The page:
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N2 - Objective: Osteoporosis (OP) and increased risk of fracture are relevant features in patients with rheumatoid arthritis (RA). Low levels of serum vitamin D are frequently reported and correlate with a higher RA activity. This study evaluated factors related with the prescription of vitamin D supplements in RA patients and variables influencing the achievement of adequate vitamin D levels. Methods: Study population was made up by 1168 consecutive RA patients from 22 Italian rheumatology centers. Demographic and clinical variables data were collected and 250H serum vitamin D was measured in all patients. Insufficient serum 250H vitamin D levels were defined as values lower than 20 ng/mL. Results: The majority of patients (56.0%) was not taking vitamin D supplements. Among the 514 supplemented patients, 196 (38.1%) were taking insufficient dosages (≤440 IU/day). Variables related with the prescription of supplements were older age, female sex, previous bone density assessment and OP diagnosis. Among the 318 patients using daily supplements ≥800 IU, 88 patients (27.7%) did not reach adequate levels of vitamin D. In these patients a higher HAQ score (OR for 1 point=1.62, 95% CI: 1.06-2.49; p=0.03) and poor sun exposure (OR=238, 95% CI: 1.05-5.55; p=0..04) were predictors of vitamin D insufficiency. Conclusion: Vitamin D deficiency is common in patients with RA, even in patients who are regularly using supplements. Vitamin D supplementation is often ineffective even at the recommended dose of 800 IU/day in more disabled patients.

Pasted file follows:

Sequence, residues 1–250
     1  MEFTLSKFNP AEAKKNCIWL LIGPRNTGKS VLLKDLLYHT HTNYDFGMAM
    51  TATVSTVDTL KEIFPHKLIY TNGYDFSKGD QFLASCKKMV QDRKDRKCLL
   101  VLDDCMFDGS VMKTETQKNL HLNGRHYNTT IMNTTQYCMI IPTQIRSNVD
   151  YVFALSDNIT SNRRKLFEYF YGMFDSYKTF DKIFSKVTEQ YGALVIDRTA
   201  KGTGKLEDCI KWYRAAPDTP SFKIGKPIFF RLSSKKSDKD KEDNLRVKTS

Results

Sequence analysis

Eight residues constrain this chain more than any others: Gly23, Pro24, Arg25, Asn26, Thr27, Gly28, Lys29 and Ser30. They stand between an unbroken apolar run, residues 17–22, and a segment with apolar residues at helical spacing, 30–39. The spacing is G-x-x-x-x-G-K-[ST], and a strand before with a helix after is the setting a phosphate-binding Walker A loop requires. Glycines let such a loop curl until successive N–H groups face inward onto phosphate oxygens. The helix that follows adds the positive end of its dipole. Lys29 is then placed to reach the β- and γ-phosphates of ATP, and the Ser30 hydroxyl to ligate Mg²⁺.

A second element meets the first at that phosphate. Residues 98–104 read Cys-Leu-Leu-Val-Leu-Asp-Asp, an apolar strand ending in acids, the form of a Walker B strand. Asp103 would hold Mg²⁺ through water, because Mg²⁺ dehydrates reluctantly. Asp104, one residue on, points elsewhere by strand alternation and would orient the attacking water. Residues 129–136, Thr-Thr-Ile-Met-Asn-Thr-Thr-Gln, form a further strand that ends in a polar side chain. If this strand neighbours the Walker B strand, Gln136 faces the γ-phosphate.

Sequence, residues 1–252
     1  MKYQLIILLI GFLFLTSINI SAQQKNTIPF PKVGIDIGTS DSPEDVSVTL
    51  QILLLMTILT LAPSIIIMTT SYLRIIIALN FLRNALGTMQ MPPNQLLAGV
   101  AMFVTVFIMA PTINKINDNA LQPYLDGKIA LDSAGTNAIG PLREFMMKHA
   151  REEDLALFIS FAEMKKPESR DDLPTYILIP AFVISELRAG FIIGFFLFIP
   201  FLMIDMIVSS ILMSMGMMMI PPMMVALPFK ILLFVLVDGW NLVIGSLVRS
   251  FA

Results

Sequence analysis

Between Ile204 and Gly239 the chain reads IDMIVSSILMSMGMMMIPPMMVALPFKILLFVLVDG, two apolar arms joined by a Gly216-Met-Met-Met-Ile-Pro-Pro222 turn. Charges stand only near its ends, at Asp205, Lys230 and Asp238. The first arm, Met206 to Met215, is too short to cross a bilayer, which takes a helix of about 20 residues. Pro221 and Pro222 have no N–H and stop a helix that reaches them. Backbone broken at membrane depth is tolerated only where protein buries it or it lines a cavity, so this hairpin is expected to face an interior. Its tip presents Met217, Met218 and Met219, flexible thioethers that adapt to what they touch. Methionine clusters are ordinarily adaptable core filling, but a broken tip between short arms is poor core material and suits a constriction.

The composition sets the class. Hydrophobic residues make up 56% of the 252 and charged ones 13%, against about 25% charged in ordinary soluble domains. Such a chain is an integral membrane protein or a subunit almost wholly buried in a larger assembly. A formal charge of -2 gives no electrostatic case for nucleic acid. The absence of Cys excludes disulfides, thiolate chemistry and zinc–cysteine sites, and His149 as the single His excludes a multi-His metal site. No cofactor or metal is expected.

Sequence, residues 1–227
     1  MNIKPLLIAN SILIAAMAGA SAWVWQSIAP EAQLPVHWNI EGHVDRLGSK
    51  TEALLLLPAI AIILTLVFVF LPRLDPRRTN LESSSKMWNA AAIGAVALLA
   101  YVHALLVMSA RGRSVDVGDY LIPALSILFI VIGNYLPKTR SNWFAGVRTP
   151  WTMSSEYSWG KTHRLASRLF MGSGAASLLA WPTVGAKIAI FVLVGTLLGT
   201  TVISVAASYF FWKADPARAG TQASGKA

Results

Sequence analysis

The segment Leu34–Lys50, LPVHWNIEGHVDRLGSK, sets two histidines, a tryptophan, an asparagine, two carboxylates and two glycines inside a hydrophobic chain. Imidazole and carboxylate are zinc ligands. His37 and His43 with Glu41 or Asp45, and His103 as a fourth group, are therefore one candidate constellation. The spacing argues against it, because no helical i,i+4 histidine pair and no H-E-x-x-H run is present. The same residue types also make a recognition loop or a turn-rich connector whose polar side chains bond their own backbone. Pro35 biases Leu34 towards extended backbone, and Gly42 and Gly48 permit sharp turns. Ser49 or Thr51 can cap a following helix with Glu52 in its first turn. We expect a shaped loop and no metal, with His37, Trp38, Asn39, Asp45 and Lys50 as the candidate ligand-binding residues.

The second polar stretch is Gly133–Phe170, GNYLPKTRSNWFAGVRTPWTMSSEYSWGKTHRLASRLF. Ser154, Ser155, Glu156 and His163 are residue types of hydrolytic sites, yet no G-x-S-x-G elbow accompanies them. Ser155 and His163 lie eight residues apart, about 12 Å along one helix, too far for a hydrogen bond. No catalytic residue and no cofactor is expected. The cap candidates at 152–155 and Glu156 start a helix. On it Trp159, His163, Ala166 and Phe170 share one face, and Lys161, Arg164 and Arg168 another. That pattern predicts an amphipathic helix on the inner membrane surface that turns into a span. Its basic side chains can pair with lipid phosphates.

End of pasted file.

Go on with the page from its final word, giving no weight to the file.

AB - Objective: Osteoporosis (OP) and increased risk of fracture are relevant features in patients with rheumatoid arthritis (RA). Low levels of serum vitamin D are frequently reported and correlate with a higher RA activity. This study evaluated factors related with the prescription of vitamin D supplements in RA patients and variables influencing the achievement of adequate vitamin D levels. Methods: Study population was made up by 1168 consecutive RA patients from 22 Italian rheumatology centers. Demographic and clinical variables data were collected and 250H serum vitamin D was measured in all patients. Insufficient serum 250H vitamin D levels were defined as values lower than 20 ng/mL. Results: The majority of patients (56.0%) was not taking vitamin D supplements. Among the 514 supplemented patients, 196 (38.1%) were taking insufficient dosages (≤440 IU/day). Variables related with the prescription of supplements were older age, female sex, previous bone density assessment and OP diagnosis. Among the 318 patients using daily supplements ≥800 IU, 88 patients (27.7%) did not reach adequate levels of vitamin D. In these patients a higher HAQ score (OR for 1 point=1.62, 95% CI: 1.06-2.49; p=0.03) and poor sun exposure (OR=238, 95% CI: 1.05-5.55; p=0..04) were predictors of vitamin D insufficiency. Conclusion: Vitamin D deficiency is common in patients with RA, even in patients who are regularly using supplements. Vitamin D supplementation is often ineffective even at the recommended dose of 800 IU/day in more disabled patients.